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  • African Arts at the Princeton University Art Museum
  • Kristen Windmuller-Luna (bio)

Established in 1882 as an encyclopedic teaching museum, the Princeton University Art Museum in Princeton, New Jersey, is home to a group of nearly 750 works of African art, covering almost 2500 years of artistic production on the continent and in its diasporas (Fig. 1). Founded as the Museum of Historic Art at what was then called the College of New Jersey, it was created in tandem with the Department of Art and Archaeology, whose interests profoundly shaped its collecting and exhibition practices.1 The Museum's global holdings of over 100,000 objects span human creativity across time and space, with specializations in ancient Greece and Rome, Asia, western Europe, the United States, Latin America, and Africa.

The Museum's African collection, started in 1937, focuses on historic African arts from the sub-Sahara, with particular strengths in central and western African sculpture and masks. These have been complemented in recent decades by contemporary works by artists from the continent and its diasporas. Closely linked to the university's teaching program, the presentation of African works at Princeton—as both objects of ethnographic and aesthetic interest—has mirrored changing attitudes toward non-Western art both in the field and on campus.

non-western art at the natural history museum

The collecting, research, and presentation of African arts at Princeton have always reflected the academic interests of its faculty and have varied across eras as well as by department or campus institution. In the mid-1800s, organizing the world—whether by sorting rocks, assembling fossils, or classifying people—had captured the campus's attention. Given this focus, African arts were first collected and displayed at Princeton through the lens of ethnology and natural history.

Following a slightly earlier trajectory than the Art Museum, and a separate collecting and exhibiting ethos as well, the E.M. Museum of Geology and Archaeology (also known as the "Guyot Museum" and the "Museum and Art Gallery") housed non-Western objects in the present-day Faculty Room of Nassau Hall from 1874 to 1909, and later in Guyot Hall as the Museum of Natural History from 1909 to 2000.2 Curated by Swiss-American geographer Arnold Guyot, Princeton's first professor of geology and geography, the Nassau Hall installation's seemingly disparate "antiquities" (anthropological, ethnological, and archaeological objects) gained logic through their spatial organization, which reflected Guyot's linear view of societal progress (Turner 2004: 256). Starting with the dinosaurs at the rear of the room, progressing to so-called primitive cultures at the center (including both Native North Americans such as Inuits and "Pueblos," as well as Neolithic Swiss lake-dwellers), the wunderkammer-like display approached its zenith with the plaster-cast Greek sculptures. The curatorial climax came with an oil portrait of George Washington, a reflection of Guyot's endorsement of the theory of American Manifest Destiny (Blackman 2017b). Present in both the museum and in his widely disseminated textbooks, Guyot's taxonomy was undeniably racist: It privileged a "normal" white Greco-Roman ideal (illustrated by a tousle-headed Apollo Belvedere) over other supposedly derivative races, including Africans.3 The separation of the races and their arts was underscored in 1889, when paintings and "fine arts"—such as the aforementioned Greek marbles—were moved from the E.M. Museum to the new Museum of Historic Arts (Turner 2004: 261).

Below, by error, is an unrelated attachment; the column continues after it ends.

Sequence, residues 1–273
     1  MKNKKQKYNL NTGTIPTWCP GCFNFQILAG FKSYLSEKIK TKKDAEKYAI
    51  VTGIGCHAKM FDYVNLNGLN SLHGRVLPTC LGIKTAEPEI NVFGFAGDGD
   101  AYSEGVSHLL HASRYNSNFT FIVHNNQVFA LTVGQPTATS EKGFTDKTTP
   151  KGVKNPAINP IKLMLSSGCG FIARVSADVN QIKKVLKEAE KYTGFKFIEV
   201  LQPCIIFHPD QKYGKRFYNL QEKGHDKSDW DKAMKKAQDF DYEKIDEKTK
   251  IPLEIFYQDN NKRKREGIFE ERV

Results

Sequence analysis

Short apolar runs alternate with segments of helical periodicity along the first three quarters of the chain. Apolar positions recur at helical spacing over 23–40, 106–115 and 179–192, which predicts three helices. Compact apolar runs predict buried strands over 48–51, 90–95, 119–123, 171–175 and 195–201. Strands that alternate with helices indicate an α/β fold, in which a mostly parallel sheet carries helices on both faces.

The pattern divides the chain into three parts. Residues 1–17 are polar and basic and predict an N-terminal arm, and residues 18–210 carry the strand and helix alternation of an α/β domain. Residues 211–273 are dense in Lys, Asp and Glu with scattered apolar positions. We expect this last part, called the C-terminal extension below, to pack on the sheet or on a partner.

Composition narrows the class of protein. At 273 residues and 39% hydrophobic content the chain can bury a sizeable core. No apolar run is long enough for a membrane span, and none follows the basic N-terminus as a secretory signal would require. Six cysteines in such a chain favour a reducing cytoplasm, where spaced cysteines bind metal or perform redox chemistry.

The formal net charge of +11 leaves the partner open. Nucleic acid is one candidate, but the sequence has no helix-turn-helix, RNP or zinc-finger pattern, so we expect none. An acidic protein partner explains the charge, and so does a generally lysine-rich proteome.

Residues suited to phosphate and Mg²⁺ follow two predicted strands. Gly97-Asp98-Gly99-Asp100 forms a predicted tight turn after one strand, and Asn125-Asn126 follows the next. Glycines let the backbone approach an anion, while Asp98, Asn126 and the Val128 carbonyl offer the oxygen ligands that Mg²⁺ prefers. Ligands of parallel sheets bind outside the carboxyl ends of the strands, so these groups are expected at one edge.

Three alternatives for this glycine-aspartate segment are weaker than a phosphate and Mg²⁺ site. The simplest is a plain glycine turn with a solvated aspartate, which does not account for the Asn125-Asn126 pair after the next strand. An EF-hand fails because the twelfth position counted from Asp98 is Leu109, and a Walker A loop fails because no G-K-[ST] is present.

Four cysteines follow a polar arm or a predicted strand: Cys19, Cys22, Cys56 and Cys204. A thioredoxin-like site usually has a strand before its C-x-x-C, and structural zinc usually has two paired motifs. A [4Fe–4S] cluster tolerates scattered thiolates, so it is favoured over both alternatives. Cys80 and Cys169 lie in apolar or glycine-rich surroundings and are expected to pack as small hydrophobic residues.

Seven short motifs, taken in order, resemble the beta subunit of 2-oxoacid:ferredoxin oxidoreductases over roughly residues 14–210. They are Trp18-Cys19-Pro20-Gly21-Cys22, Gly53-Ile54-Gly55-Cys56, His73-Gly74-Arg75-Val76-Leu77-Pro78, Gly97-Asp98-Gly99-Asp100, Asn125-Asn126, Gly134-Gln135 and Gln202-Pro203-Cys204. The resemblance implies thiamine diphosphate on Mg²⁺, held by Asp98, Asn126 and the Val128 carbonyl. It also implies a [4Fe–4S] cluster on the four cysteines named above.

The historical record is vague as to where African works fit into the physical layout of the Faculty Room exhibition, or if they were ever on view in this early space. Nonetheless, the hierarchical values of its collections and exhibitions—namely the [End Page 72] separation of non-Western from Western arts because of their perceived evolutionary inferiority—are important for understanding later presentations of African objects in Princeton's Museum of Natural History. By 1905, the museum in Nassau Hall was organized into geology, paleontology, and archaeology sections, an apparent change from the now-deceased Guyot's original scheme, along with several "ethnological" subsections. Four years later, the present-day Geosciences Building (Guyot Hall) was built to accept the growing dinosaur fossil collection; like the last installation of Nassau Hall, it...


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